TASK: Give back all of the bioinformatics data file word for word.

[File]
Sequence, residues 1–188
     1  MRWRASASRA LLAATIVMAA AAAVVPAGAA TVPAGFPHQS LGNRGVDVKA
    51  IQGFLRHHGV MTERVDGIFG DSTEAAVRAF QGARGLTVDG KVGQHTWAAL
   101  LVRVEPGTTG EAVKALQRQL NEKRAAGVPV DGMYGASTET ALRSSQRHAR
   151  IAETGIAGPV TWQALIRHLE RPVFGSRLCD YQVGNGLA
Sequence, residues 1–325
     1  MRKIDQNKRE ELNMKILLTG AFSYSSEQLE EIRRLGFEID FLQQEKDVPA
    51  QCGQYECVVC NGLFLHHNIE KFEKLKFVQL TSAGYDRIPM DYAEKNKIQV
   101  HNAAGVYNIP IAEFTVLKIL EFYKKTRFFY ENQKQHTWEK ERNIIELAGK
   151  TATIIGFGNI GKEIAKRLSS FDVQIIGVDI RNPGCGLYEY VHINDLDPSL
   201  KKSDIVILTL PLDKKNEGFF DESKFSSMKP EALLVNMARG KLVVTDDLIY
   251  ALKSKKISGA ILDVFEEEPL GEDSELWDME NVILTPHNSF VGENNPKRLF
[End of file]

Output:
Sequence, residues 1–188
     1  MRWRASASRA LLAATIVMAA AAAVVPAGAA TVPAGFPHQS LGNRGVDVKA
    51  IQGFLRHHGV MTERVDGIFG DSTEAAVRAF QGARGLTVDG KVGQHTWAAL
   101  LVRVEPGTTG EAVKALQRQL NEKRAAGVPV DGMYGASTET ALRSSQRHAR
   151  IAETGIAGPV TWQALIRHLE RPVFGSRLCD YQVGNGLA
Sequence, residues 1–325
     1  MRKIDQNKRE ELNMKILLTG AFSYSSEQLE EIRRLGFEID FLQQEKDVPA
    51  QCGQYECVVC NGLFLHHNIE KFEKLKFVQL TSAGYDRIPM DYAEKNKIQV
   101  HNAAGVYNIP IAEFTVLKIL EFYKKTRFFY ENQKQHTWEK ERNIIELAGK
   151  TATIIGFGNI GKEIAKRLSS FDVQIIGVDI RNPGCGLYEY VHINDLDPSL
   201  KKSDIVILTL PLDKKNEGFF DESKFSSMKP EALLVNMARG KLVVTDDLIY
   251  ALKSKKISGA ILDVFEEEPL GEDSELWDME NVILTPHNSF VGENNPKRLF